Mike looked at my leg and put a bandage on. He had such soft hands. His head looked strange inside that balaclava, that’s the word, like there was an extra bit at the top. I reached out to touch his head and it was just hair. This made him drop the needle and let out a whimper. It was not the sort of whimper that a guy called Mike would make. I needed to get a message to Gruffle and the guys.


“Well done, Petra. You may as well tell him the truth now.” The man who found me said.


Mike removed his hat and revealed flowing locks of blonde hair. That’s why he called him Petra, I thought. Petra was beautiful. I wish my mum looked like Petra.


“How’s the leg?” She asked.


“It’s sore, but I’ll be fine.” I wanted to look brave.


“We are members of an association called ‘Infancia Sagrada’. “We monitor kids in situations like yours and then we get them out to show them what a real loving family can be like. We know you have had a hard time, but now that is over. We hope you will be happy here. More biscuits?” She smiled at me.


How could I be anything other than happy in a house that had chocolate digestives? I nodded to her and she gave me three more. I was now on seven, a personal best.


“We have compiled a dossier on your parents so that when the time is right, they will sign the adoption papers and you will be free of them. When you see your new room, we are sure you’ll be happy to stay with us. We can’t have children but have taken it upon ourselves to save kids like you. Do you understand, Jamie?” She asked, and I nodded.


“Well, let’s go and see that room of yours!” She led me upstairs and there was a room that I had seen before. It was one of my drawings. Everything was there, it was my dream room. Everything except the guys.


“It’s great.” I said. How could I tell them about Gruffle and the guys? Nobody knew about that, that was my secret.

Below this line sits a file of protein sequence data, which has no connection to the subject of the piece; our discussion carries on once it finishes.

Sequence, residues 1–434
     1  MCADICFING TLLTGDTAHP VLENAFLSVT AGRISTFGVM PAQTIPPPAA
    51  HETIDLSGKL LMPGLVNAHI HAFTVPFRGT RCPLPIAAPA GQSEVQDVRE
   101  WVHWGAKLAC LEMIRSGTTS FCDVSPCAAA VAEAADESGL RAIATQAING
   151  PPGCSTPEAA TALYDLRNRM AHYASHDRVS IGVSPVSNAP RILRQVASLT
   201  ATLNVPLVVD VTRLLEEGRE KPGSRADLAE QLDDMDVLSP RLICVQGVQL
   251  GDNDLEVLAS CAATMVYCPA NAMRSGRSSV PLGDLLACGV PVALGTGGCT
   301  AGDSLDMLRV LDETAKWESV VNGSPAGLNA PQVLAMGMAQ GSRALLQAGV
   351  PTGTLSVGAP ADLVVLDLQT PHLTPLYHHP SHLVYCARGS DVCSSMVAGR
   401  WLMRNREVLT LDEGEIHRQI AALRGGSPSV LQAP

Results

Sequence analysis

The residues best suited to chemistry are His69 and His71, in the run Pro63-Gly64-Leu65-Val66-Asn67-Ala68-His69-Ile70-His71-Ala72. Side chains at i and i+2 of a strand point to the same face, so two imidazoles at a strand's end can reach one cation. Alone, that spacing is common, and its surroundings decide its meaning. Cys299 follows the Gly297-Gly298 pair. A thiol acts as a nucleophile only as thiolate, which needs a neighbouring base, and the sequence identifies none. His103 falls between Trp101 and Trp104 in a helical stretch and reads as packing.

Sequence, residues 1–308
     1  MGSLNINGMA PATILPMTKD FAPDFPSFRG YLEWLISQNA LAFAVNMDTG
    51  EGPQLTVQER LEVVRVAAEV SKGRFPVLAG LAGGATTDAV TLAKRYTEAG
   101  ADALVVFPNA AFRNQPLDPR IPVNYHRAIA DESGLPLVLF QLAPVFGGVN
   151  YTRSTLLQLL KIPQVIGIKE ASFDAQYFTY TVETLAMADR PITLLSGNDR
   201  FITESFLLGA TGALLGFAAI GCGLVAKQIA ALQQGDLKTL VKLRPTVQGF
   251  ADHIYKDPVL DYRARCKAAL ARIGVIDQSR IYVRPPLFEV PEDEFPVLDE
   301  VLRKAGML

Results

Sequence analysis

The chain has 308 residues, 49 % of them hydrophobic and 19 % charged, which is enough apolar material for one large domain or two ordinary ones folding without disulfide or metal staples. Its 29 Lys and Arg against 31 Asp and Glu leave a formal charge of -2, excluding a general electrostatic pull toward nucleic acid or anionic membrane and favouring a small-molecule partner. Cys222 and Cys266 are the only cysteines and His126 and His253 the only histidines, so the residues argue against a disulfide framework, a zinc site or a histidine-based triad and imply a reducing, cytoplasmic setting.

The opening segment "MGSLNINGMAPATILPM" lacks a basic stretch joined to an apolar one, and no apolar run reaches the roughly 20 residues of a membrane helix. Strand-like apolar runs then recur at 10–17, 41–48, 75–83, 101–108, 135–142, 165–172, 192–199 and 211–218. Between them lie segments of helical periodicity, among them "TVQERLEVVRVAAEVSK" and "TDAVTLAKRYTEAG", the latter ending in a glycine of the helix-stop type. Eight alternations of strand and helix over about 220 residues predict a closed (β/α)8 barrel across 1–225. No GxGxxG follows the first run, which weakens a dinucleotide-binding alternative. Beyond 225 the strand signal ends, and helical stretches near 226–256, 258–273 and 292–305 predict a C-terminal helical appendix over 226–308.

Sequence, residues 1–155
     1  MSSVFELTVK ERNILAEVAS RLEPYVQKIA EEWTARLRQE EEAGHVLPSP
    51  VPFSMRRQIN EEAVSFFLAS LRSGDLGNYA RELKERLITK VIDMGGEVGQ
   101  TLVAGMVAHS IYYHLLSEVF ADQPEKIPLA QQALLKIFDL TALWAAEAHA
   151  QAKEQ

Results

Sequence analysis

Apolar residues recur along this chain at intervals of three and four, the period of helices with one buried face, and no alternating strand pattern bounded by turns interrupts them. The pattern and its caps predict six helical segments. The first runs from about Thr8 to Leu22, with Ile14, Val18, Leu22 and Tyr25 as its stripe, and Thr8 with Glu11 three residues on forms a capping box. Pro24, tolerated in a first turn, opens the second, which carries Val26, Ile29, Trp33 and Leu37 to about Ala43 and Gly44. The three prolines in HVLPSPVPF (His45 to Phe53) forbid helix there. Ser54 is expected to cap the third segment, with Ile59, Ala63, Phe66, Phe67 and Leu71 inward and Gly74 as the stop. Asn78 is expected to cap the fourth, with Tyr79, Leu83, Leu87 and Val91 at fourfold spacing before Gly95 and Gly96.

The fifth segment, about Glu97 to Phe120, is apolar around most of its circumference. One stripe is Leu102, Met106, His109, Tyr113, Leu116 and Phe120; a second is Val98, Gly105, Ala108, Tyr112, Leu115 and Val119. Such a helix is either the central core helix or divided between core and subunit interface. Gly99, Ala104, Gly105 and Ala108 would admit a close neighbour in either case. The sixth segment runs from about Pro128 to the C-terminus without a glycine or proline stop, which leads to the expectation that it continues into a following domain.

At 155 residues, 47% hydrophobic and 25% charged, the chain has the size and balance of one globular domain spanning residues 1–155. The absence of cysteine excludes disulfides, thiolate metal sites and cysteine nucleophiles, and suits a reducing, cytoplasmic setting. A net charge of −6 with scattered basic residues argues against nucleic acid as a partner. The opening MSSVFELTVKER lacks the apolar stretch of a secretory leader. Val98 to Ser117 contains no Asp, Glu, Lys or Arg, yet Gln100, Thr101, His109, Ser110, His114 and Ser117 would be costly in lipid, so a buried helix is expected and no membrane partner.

The days passed, and I got settled into the new place. Every night looking under the bed and in the wardrobe for Gruffle and the guys, but they never showed. Then Petra saw me crying. She asked me if I wanted a brother, or a sister. They said they could get me one however I wanted. I told her it wasn’t that, I missed the guys.


“Oh! That’s no problem.” She assured me. I went to my room with a glass of Ribena (this house is like a private supermarket) and a wagon wheel. After about an hour of PlayStation, Petra knocked on my door again.


“Can I come in?” She asked. I had never been asked that before.


“I’ve got a little surprise for you.” She opened the door wide and there were the guys! All four of them. We got under the bed and played until it was dark. That night Gruffle stayed in my bed with me but the next day they all took their places in the wardrobe or under the bed. It was just like the old times, expect without the old times. Petra taught me to read and play the piano. I had a new surname now and changed school. I was the new kid for a while, but it was soon cool. Mr Jones lent me a chess set and Petra’s husband showed me how to set up the pieces. It sort of came from nowhere but when I thanked him I called him “Dad”.


I can’t believe I have just found that in my old bedroom. Tomorrow is a celebration for their 25th wedding anniversary, so I have taken some time off from my studies to be there for them. I never heard anything from my real parents. When I was 18, Petra, I mean Mum, showed me the documents that they had signed giving me up for adoption, but I never felt the need to go looking for them. After that, I got my A-Level results and went to study at Cambridge, moving into halls with enough space under the bed and in the wardrobe for Gruffle, Snuffle, Trushle and Mushle.